– Pope Benedict XVI
Our Lord presents the perfect image of what we must become. . .His own brother or sister. This is no longer a dream; it means that we have made a preliminary contact with a reality that will show us the way to go and give us the strength to travel. A dream which is a mere mirage prevents us from living now, but hope enables us to participate in God’s dream for us and accept what is in front of us with patience. . .The idea of God’s presence within us is no dream; to abandon oneself, to put oneself completely at God’s service, is to acquire the ability to pass from daydreaming into truth.
– Father Rene Voillaume
Why did Jesus Christ sacrifice himself to the point of death? Faith answers – to expiate for our sins. Why did he rise in such splendor? To show us the meaning of our redemption. In his death, we recall that we were dead because of sin. In his resurrection, we have a perfect example of our resurrection in grace. Since Jesus Christ rose immortal to a life of glory, we must say with St. Paul that we too must rise immortal in the life of grace, firmly resolved to never again subject our souls to spiritual death.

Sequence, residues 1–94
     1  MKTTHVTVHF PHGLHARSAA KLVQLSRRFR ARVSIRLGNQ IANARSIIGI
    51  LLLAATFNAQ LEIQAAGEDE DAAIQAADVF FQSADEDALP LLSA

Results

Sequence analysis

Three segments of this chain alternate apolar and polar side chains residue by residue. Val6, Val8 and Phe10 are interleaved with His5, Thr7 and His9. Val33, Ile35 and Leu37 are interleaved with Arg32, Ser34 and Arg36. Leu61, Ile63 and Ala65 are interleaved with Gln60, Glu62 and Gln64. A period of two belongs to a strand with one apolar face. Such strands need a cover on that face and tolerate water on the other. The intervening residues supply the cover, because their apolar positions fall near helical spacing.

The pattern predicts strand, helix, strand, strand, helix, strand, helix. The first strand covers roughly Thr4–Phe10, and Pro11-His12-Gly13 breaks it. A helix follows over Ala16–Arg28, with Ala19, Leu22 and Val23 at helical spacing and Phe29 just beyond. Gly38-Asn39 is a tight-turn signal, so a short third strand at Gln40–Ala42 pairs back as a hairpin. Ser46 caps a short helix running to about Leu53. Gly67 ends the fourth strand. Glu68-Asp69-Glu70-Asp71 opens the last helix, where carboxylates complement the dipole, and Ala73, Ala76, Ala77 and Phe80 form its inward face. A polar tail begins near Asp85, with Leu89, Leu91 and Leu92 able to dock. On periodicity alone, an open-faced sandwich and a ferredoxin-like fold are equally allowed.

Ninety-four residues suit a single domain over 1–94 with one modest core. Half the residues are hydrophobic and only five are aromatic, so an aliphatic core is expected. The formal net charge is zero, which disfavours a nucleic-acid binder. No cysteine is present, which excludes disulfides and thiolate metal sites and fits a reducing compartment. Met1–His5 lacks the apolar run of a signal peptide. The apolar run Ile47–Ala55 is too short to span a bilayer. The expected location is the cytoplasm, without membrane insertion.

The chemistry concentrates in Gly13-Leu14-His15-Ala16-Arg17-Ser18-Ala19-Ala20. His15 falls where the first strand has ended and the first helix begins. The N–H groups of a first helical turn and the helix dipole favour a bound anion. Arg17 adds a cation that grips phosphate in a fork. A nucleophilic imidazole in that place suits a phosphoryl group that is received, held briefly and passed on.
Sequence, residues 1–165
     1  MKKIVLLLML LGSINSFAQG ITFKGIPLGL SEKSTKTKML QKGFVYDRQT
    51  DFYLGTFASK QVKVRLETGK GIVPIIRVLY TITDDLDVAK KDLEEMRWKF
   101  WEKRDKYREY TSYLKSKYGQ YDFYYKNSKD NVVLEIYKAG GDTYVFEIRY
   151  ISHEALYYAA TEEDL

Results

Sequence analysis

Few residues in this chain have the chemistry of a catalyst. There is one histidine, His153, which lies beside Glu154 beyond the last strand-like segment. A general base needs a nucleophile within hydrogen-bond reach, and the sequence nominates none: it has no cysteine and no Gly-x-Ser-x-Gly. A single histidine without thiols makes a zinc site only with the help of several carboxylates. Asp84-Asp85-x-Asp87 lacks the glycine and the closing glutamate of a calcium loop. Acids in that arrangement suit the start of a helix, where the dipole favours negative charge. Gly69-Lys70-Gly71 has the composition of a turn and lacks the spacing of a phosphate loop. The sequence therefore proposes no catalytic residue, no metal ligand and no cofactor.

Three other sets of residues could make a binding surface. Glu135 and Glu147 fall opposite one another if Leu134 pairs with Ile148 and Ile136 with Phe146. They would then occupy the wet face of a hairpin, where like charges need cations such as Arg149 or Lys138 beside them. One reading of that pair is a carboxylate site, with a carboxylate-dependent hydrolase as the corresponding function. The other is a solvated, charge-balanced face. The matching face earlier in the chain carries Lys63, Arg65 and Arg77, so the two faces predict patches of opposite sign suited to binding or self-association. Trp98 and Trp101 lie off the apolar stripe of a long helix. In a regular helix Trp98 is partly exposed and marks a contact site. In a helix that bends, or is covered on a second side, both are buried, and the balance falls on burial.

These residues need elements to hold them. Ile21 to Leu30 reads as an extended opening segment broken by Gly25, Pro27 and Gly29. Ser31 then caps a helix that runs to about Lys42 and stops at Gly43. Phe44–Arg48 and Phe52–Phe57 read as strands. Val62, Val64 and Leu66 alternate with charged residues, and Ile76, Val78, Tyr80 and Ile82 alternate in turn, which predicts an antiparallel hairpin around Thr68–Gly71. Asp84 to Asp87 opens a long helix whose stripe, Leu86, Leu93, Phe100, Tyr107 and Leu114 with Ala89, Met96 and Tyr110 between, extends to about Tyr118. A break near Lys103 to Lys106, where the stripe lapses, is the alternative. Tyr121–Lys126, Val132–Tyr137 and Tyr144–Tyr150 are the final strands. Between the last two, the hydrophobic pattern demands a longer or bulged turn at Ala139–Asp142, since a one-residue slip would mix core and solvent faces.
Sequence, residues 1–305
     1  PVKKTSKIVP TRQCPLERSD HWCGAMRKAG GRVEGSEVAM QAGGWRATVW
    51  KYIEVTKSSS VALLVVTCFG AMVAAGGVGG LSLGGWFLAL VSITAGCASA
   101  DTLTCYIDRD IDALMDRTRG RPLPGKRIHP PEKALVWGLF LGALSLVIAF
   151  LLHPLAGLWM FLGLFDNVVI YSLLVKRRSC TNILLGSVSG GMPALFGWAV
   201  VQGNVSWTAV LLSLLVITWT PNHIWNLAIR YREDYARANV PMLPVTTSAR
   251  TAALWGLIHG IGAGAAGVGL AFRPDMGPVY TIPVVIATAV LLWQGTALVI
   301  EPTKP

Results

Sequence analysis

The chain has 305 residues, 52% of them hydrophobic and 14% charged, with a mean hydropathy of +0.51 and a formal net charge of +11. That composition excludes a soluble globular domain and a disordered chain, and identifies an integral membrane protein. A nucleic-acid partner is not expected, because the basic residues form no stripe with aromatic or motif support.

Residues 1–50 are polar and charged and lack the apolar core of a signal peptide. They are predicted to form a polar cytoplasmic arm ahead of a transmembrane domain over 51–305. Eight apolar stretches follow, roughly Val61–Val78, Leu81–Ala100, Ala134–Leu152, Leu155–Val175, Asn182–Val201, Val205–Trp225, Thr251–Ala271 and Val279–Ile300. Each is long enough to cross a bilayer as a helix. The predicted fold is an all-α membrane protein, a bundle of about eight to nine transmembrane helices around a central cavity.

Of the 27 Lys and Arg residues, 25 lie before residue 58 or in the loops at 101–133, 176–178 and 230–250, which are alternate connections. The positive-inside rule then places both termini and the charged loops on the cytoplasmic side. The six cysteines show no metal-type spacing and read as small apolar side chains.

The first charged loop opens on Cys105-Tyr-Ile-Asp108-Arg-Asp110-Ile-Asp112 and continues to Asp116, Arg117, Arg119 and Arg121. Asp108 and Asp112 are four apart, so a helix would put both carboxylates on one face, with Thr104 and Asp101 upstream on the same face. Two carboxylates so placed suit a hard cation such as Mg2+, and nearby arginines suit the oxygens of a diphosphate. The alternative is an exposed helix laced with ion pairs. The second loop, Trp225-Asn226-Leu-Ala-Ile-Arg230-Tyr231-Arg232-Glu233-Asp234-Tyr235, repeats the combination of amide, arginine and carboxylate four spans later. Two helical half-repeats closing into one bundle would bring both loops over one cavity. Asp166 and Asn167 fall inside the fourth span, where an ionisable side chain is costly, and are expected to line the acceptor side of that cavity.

– St. Pio of Pietrelcina
“Today’s Reflection” is now in paperback: